6 steps to plan when you want to change

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October 28, 2016

6 steps to plan when you want to change

In 1977, graduating from Simmons College (wondering how to get a job using what I learned), James Prochaska and his colleagues were developing a revolutionary new theory at the University of Rhode Island. How people change. It was called the Transtheoretical Model (TTM), which suggested that those who successfully changed the behavior would go through six stages.

* Precontemplation: I do not intend to take any action soon. You may not know what the problem is.

* Ponder (in preparation): Be aware of the problem and begin to compare the pros and cons of behavior change.

Preparation: We will take immediate action. You start to plan for change and take a small step toward change.

* Action: We are now modifying the behavior.

Maintenance: Changed successfully and is working to prevent recurrence.

* Termination (this step is optional and not everyone acquires it): We are no longer tempted by previous actions and do not consider returning.

Prochaska et. Al. His emphasis was on helping to fix harmful habits such as smoking and overeating, but his change model can also be applied to the business world.

An example of the steps in action are:

Stephanie hired me because he was in the process of setting up his own marketing company. She works full time at work all day and works 40 hours a week to build her own company. Understandably, she was getting tired. But she could not consider quitting her old job until she could support her and her family with new things.

Stephanie was in the pre-planning stage. She felt something was wrong, but she did not know what to do about it.

I entrusted Stephanie to imagine her life and her daily life when she could concentrate on her new business. How did her actions represent her value? Could she be her real self in a new role?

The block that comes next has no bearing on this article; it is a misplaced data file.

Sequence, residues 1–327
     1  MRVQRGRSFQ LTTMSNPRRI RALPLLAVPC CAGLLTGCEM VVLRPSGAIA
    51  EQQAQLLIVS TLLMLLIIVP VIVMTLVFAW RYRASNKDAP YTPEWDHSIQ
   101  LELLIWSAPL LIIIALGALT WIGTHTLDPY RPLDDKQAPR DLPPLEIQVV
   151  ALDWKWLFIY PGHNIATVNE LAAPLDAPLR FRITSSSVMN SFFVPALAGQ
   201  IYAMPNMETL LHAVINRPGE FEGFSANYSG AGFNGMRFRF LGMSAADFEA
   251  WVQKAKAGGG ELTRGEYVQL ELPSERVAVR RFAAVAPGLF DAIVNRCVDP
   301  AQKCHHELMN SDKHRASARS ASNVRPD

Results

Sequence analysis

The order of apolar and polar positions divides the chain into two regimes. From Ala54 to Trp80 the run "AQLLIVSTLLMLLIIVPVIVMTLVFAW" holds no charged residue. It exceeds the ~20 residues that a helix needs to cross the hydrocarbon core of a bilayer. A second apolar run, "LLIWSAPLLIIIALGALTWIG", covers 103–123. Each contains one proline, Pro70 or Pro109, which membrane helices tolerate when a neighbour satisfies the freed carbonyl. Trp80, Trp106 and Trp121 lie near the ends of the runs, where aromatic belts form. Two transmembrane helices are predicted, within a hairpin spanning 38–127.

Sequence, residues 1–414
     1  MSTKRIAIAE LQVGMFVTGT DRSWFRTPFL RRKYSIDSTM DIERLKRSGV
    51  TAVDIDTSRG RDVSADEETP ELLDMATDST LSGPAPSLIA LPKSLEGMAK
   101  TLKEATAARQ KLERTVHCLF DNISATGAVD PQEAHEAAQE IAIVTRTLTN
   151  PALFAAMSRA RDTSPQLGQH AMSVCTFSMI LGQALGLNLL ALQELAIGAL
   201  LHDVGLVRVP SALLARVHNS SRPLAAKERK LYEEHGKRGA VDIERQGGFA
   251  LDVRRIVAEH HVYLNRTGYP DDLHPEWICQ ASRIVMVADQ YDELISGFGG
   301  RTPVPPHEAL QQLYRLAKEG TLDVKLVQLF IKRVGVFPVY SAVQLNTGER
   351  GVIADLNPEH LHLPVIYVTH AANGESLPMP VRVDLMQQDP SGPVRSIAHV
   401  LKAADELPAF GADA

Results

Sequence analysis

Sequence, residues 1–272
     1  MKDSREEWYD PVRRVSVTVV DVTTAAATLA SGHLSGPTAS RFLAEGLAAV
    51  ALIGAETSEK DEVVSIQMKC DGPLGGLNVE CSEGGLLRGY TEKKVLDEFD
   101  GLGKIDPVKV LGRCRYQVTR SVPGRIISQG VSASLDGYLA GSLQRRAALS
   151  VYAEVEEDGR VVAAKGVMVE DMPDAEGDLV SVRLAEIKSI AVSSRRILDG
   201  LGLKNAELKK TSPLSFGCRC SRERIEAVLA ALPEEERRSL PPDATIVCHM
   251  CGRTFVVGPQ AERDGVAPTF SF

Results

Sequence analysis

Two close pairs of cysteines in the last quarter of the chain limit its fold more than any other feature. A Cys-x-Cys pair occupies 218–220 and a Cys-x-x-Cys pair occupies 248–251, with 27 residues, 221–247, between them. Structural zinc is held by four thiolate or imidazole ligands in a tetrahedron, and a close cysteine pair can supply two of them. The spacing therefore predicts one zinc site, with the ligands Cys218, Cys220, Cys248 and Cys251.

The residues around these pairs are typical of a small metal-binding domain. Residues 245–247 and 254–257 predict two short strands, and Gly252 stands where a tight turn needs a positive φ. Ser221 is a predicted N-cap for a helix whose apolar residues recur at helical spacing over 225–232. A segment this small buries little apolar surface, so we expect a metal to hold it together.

Stephanie has entered a deliberation phase by visualizing what it is all about concentrating energy on a new business. She began to appreciate the benefits (and risks) of taking this big step in her career.

Next, I asked Stephanie what should happen before she left the full-time job. In the next session I was devoted to reviewing her vision and making steps to bring her up including timetables. Stephanie went to the preparation stage. Now she is ready to move into action.

What we have learned from reviewing Prochaska’s models and working with customers is that there are processes and change orders. The actions you need to take depend on the steps currently in progress. I have time to sort out my thoughts. Explore the pros and cons and take time to deal with whether changes are possible to reach others for input, commute to date and time to fill stakes.

Consider the following when you strive to achieve the goals that need change this year. If you can not make a decision about what you need to do, the favor of change may not be more important than the disadvantage. The suffering that is being held does not get worse than the discomfort of change. Maybe the time is not right. Sometimes you have to go back one or two steps in the process. Sometimes you just have to jump over that barrier.

You can take a more careful approach to change by knowing where you are in the process of change and using that knowledge to support you.

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